At Frontiers of Thought, Agualusa stresses importance of literature

Works of Angolan writer and journalist has been translated to 25 languages

17/08/2018 - 09h25
Photo: Luiz Munhoz

Photo: Luiz Munhoz/Frontiers of Thought

In his work, Angolan writer and journalist José Eduardo Agualusa is constantly making a point for personal and cultural development through literature. It is personal in the sense that it promotes alterity, empathy as they make the characters (and the reader) to put themselves in somebody else’s shoes. It is cultural, as it encourages people to go to libraries and get access to books, even in digital environments. This consequently makes them agents of social transformation. During the lecture delivered in the evening of Aug 6, for the Frontiers of Thought, he showed people how he sees the world and his native country as well. “I believe reading can change the world and improve the culture of my country, Angola”, said he. As the writer of fiction based on historical events, he finds inspiration to write poetry and fiction books in his memory, in his dreams and in his nation.

It takes readers to learn a bit about the history of Angola and about the African continent to understand Agualusa’s work. In an effort to introduce a bit of that history to the audience, he went over the process of independence from Portugal, the country’s colonizer, in 1961. He mentioned that, starting from the 1940s and 1950s, a group of intellectuals rose to make literature their weapon for the emancipation of the country, which would only become a reality in 1974, as the Salazar’s dictatorship came to an end in Portugal. Despite that, the existing separatist movement came into mutual conflict, which resulted in many casualties and struggle in the fight for power. Agualusa’s work as well as his motivation to disseminate the culture of books came out amidst this scenario.

“Everyone should have access to books as they do to drinking water”

Photo: Luiz Munhoz

Photo: Luiz Munhoz/Frontiers of Thought

He contends that “fiction reading is an exercise of alterity since it develops empathy and brings us closer to people”. He sees books as bridges and, in his opinion, dictators and torturers usually do not read fiction. If they did, they would think and act in a different way. In a very sarcastic and humored tone, he drew laughs from the audience as he said that “it is impossible to imagine Trump reading whatever he might be reading. People like him should go to a literature rehab camp”, said he.

As for Africa, he asserted that the current literary scenario has revealed a different perspective of the region, as it is narrated by locals, who play a leading role, unlike the colonialist perspective. “Modern African literature is optimistic despite the difficulties faced. Irony, joy and passion for life are characteristic of Angolan literature too”, added he.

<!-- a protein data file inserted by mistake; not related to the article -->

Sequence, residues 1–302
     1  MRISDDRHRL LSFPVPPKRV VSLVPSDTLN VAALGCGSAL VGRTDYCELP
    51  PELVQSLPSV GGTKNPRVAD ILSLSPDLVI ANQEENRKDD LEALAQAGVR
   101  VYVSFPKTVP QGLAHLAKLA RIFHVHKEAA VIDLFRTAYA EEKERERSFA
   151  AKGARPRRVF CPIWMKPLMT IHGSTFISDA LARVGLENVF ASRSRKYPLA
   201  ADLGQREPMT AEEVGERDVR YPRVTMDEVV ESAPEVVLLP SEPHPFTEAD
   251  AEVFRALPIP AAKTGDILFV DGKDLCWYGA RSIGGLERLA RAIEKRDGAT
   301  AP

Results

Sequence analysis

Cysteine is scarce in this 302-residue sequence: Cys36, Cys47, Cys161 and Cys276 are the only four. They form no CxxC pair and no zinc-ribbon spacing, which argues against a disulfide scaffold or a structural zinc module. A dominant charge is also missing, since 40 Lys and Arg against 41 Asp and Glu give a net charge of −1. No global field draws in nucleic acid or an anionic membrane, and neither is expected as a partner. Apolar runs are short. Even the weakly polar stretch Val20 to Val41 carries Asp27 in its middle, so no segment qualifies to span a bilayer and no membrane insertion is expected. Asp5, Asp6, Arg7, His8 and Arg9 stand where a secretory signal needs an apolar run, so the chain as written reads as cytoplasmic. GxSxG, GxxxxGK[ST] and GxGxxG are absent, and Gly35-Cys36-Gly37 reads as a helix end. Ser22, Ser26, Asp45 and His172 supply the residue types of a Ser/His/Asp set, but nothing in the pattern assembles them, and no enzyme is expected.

“My biggest dream is to see libraries spread all over Angola”

As a cultural militant, Agualusa claims that “books, these gentle subversive agents, will always be an expression of reality”. In his lecture, he also made mention to Angolan rapper and activist Luaty Beirão, who was arrested along 14 other individuals, in 2015, for reading the book From dictatorship to democracy, by US pacifist Gene Sharp. Detention as well as a hunger strike, as forms of protests of the musician, had international impact. Back then, everyone was at a bookstore and was accused of conspiring to put down then president José Eduardo dos Santos, who had been in power since 1992. At the end of 2017, João Lourenço took over the Presidency.

“Dreaming is very important in my writing. I dream a lot. I dream of screenplays, book titles and characters”

Photo: Luiz Munhoz

Photo: Luiz Munhoz/Frontiers of Thought

Agualusa also commented and answered questions about the works Sociedade dos sonhadores voluntários, marked by criticism to the political regime of Angola, and A General Theory of Oblivion, for which he was selected as one of the finalists of Man Booker Prize. When he was asked about memory and the associations he makes in his books, he said that “maybe we can’t change the past but we can change how we see it and this is mostly due to literature”.


Agualusa is one of the most important Portuguese language writers today. His works have been translated into more than 25 languages. He has written novels, short stories novellas, children’s books and drama plays. His first novel A conjura, released in 1988, earned him the Sonangol Award for of Angolan Literature. His works address distinct realities but are mostly centered on characters than on places. He has also published Creole, which earned him the Grande Prêmio de Literatura RTP, Fronteiras perdidasBarroco tropical, and The Book of chameleons, which earned him the Independent Foreign Fiction Prize from newspaper The Independent. In 2017, he won the Dublin Literary and used the money he received to build a personal library on the Island of Mozambique to be open to the local residents.

Cultural partnership with PUCRS

PUCRS is partners with Frontiers of Thought. The next conference will be on Sep 3, and will feature Indian oncologist and writer Siddhartha Mukherjee. He has written The emperor of all maladies: a biography of cancer, winning the Pulitzer Prize, in 2011. The world in disagreement – democracy and cultural wars is the theme of the 2018 season.

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